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On Thursday, Hartford Financial Services Group Inc (NYSE:HIG) reported its second quarter earnings and discussed the following topics in its earnings conference call. Take a look.
Jay Gelb – Barclays Capital: On the proceeds from the sale of the businesses currently in runoff. Liam, you talked initially about using buybacks or reducing the size of the annuity book, giving us an update there in early 2013, does that mean the sale process might be taking a little longer than you thought and can you frame it out just a bit more in terms of how you’re thinking about deploying those proceeds?
Liam E. McGee – Chairman, President and CEO: First of all, the sales process is proceeding as we expected. As you recall Jay, when we announced our decision to sell the three businesses in March, we also indicated we were prepared. We had done all of our actuarial studies and so the offering memorandum, we are in the marketplace approximately a month after our announcement. I would say that as I said earlier the process is proceeding as we expected. These are attractive businesses and it’s been a competitive process. In terms of the capital plan, we want to get the agreement signed, as I mentioned in my remarks, work with our constituencies. I think the convergence of those things says that we’ll give you a final capital plan in early 2013. So, I would describe everything proceeding as we had expected when we announced things in March.
Jay Gelb – Barclays Capital: Then for the third quarter DAC study, is there any sort of boundaries you can give us on that in terms of what we should be thinking about in terms of potential charges going into that study?
Christopher J. Swift – EVP and CFO: Jay, it’s Chris. I wouldn’t say there is anything other than normal, I’ll call it, expense, mortality, interest rate type assumptions, policyholder behavior, so I wouldn’t say there is any boundaries, it’s just our normal annual update that we’ll go through.
Jay Gelb – Barclays Capital: Year-to-date, how are things tracking along with current assumptions?
Christopher J. Swift – EVP and CFO: I’d say they’re tracking very well.
Interest Rate Risk
John Nadel – Sterne, Agee: So, just as a quick follow-up on the early 2013 Chris, or Liam. It sounds like that’s really just around given us some clarity on the deployment of proceeds. So, nothing really changing in terms of your expectation for timing of actual sale announcements, is that correct?
Liam E. McGee – Chairman, President and CEO: That’s an accurate statement John, so let me reiterate. I want to be crystal clear on this point. The sales processes are proceeding as we expected. We’re pleased to have announced the Woodbury transaction on Tuesday. The Life and Retirement Plan process is proceeding. These are attractive businesses and it’s been a competitive process. We want to present to you and investors an updated more final capital plan, which will include prospective capital management actions. So, I think we’re right on schedule.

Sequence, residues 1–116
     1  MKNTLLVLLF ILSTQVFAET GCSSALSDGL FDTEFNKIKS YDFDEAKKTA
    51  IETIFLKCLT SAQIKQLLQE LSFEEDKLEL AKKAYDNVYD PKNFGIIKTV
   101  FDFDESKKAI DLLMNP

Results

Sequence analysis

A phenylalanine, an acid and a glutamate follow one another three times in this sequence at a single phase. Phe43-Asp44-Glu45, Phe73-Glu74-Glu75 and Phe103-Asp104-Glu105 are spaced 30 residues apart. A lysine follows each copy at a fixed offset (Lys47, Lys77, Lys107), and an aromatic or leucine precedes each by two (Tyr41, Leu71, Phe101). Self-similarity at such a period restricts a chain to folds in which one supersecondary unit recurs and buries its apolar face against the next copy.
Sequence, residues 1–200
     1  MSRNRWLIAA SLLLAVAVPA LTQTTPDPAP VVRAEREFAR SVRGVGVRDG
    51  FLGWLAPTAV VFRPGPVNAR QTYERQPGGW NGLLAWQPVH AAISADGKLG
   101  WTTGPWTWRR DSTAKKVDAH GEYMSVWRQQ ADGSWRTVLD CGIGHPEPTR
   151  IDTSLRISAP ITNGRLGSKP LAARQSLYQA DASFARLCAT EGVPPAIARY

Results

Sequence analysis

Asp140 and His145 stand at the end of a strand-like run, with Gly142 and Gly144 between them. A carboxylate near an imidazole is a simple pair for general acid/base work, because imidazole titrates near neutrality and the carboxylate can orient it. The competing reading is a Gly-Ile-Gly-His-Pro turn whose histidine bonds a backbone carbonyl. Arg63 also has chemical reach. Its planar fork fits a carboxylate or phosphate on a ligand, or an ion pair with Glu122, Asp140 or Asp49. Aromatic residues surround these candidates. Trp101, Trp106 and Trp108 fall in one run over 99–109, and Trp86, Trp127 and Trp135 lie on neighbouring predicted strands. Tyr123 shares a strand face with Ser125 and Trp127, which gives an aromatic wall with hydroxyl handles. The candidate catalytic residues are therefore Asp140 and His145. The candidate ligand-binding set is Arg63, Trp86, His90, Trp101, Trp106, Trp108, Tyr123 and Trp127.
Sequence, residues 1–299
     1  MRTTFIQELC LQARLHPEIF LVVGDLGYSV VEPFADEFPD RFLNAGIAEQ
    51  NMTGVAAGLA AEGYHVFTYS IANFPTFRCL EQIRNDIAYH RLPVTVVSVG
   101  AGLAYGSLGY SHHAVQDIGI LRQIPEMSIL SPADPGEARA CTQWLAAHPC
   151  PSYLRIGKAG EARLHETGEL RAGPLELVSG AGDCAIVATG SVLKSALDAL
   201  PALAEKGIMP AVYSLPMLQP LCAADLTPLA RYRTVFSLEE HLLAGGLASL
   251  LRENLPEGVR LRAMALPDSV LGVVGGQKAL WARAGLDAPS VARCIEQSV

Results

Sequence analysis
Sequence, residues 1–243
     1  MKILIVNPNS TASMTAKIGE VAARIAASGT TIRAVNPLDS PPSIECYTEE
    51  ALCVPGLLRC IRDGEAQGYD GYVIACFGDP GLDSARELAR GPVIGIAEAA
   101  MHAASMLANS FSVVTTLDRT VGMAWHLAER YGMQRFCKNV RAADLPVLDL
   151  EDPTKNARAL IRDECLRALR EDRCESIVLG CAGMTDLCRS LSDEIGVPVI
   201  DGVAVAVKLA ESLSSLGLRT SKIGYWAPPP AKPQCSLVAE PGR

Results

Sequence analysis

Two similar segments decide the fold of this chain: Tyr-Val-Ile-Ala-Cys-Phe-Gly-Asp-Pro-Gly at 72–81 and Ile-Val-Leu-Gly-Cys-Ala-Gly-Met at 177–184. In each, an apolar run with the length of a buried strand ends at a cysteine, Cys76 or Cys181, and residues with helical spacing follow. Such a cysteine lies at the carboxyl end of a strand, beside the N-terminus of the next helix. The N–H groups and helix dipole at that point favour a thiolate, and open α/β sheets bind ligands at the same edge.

John Nadel – Sterne, Agee: So, then a question – maybe two quick ones for Chris. A question on interest rate risk, just on the conference call before this one with the folks (at Met), they sort of gave us an update of looking at instead of a 2% 10-year looking at 1.4% or 1.5% say a 10 years environment. Can you give us a sense to for what that incremental 50 basis points or 60 basis points, lower type rate environment would do to that earnings sensitivity you had provided a few quarters ago?
Christopher J. Swift – EVP and CFO: Happy to, John. Low interest rates, as you know, just are headwind for everyone in financial services but our specific, the way I think about it from a momentum side, the assets that we have on the books, so the maturing cash flows and the new cash flows, if we look at the impacts in ‘13 and ’14, I’d call it roughly the $25 million to $30 million in ‘13 and you could roughly double it from there in ’14, if rates stay low at today’s level.
John Nadel – Sterne, Agee: So that’s the incremental above the original guidance?
Christopher J. Swift – EVP and CFO: Yes, it is the incremental impact, sort of the momentum that we would give up in the run rate earnings.
John Nadel – Sterne, Agee: Then just a last real quick one. On Slide 12, it in your conference call presentation, just can you give some granularity on the VA – I guess the hedge assets didn’t quite keep up with the liability in the quarter. Can you give us just a little bit of granularity on what drove that? Was that equity markets, rates, currency, what?
Christopher J. Swift – EVP and CFO: Again, John, I think the attribution we could work with you offline if that’s really important, but I think the big thing is, generally keep in mind we’re not 100% hedged on the economics. So, there is always going to be a basis difference, you’re always going to have I’ll call it a Japanese impact, because most of our Japanese hedges are in the U.S. legal entity. So I would describe it mostly basis difference from my perspective.
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